A reader asked how she can become a wine judge. I e-mailed her a reply that I subsequently realized was too brief and not very helpful.
Her question re-emerged in my mind as I judged at the recent California State Fair wine competition, but with an addendum: Why would anyone want to be a wine judge?
Sure, it sounds like a whole lot of fun, and it is. You get to taste dozens of wines you probably never would have a chance to taste otherwise. Chances are pretty good that you will be on a panel with a commercial winemaker or an enology instructor. They almost always are generous with their insights, pointing out why this or that wine tastes like it does, helping you learn to watch for those attributes as you continue to evaluate.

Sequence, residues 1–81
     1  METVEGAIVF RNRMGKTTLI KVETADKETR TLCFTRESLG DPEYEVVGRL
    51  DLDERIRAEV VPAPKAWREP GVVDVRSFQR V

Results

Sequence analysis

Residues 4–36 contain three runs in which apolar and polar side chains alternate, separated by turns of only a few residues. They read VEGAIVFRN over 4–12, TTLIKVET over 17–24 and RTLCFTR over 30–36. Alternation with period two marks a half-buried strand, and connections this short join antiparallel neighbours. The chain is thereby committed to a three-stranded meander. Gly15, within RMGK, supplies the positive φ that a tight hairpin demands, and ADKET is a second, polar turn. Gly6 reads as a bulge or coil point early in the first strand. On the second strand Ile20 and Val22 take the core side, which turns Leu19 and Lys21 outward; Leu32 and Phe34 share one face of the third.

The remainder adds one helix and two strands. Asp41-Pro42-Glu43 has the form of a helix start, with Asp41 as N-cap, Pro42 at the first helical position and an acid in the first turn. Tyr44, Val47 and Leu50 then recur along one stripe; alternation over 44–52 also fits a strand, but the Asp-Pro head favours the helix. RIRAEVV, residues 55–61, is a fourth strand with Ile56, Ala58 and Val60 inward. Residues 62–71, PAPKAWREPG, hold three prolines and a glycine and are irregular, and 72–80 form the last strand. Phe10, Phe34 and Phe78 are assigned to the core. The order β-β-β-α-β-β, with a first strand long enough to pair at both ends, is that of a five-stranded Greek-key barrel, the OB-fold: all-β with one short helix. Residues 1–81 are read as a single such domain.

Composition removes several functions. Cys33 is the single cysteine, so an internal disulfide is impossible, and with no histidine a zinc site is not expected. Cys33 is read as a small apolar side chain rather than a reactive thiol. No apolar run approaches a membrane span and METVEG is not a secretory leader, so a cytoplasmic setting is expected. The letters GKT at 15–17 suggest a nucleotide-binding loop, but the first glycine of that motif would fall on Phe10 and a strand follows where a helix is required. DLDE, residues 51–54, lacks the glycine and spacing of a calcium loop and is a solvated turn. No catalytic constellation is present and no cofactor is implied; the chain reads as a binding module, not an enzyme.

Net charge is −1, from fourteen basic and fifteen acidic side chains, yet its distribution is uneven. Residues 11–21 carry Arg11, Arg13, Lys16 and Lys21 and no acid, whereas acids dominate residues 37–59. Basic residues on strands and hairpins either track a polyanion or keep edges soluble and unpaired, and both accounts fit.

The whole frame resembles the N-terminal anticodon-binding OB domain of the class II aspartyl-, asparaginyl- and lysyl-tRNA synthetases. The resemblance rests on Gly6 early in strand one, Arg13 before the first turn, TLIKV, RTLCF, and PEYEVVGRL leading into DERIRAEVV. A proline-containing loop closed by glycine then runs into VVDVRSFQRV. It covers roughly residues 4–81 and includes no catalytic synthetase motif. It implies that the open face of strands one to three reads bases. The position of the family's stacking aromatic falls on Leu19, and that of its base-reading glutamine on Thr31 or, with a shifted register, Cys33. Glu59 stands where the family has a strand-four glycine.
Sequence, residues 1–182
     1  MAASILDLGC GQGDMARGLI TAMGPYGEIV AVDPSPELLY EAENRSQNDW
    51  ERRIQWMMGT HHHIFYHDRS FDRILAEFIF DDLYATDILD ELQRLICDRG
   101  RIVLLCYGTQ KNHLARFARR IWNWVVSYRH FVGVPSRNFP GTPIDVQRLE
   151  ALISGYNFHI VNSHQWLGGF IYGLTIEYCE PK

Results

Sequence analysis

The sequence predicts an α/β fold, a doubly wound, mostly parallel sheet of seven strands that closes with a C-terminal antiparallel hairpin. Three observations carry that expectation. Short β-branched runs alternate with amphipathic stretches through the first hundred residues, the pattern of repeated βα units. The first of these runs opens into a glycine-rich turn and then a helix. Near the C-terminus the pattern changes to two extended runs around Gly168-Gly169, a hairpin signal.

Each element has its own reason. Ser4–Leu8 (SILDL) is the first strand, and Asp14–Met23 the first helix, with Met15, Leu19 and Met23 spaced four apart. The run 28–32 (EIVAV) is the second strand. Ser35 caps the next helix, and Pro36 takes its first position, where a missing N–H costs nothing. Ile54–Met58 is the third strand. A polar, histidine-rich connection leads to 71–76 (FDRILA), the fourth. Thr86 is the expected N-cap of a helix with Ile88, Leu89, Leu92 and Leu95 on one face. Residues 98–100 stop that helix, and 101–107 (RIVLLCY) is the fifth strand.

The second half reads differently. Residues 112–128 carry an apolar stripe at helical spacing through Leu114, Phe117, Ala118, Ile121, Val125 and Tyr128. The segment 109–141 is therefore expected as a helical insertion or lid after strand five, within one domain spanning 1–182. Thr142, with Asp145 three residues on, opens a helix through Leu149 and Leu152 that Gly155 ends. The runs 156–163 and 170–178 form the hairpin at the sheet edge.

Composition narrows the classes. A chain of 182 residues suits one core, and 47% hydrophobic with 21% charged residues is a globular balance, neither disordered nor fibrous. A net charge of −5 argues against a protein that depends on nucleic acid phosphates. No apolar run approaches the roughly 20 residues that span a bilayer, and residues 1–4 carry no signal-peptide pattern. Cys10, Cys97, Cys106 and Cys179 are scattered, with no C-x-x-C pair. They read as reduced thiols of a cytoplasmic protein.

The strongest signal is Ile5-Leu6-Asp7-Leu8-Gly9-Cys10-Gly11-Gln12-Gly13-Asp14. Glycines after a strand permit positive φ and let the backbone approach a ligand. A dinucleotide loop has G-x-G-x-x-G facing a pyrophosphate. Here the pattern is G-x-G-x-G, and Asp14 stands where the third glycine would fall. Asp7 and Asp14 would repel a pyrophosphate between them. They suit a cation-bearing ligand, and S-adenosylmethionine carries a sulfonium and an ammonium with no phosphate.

But if you like to savor and study wine, a judging isn't the place to do it. The pace is brisk compared with a dinner where you are able to appreciate three or four wines at leisure. Your fellow panelists might be generous with their opinions, but they also might not be patient if you dawdle. After all, you'll likely be expected to get through 100 or so wines within a few hours.
He goes on to list some of the pluses and minuses.
Comments from you judges, judge-wannabes, and not-in-a-million-years-would-I-judges???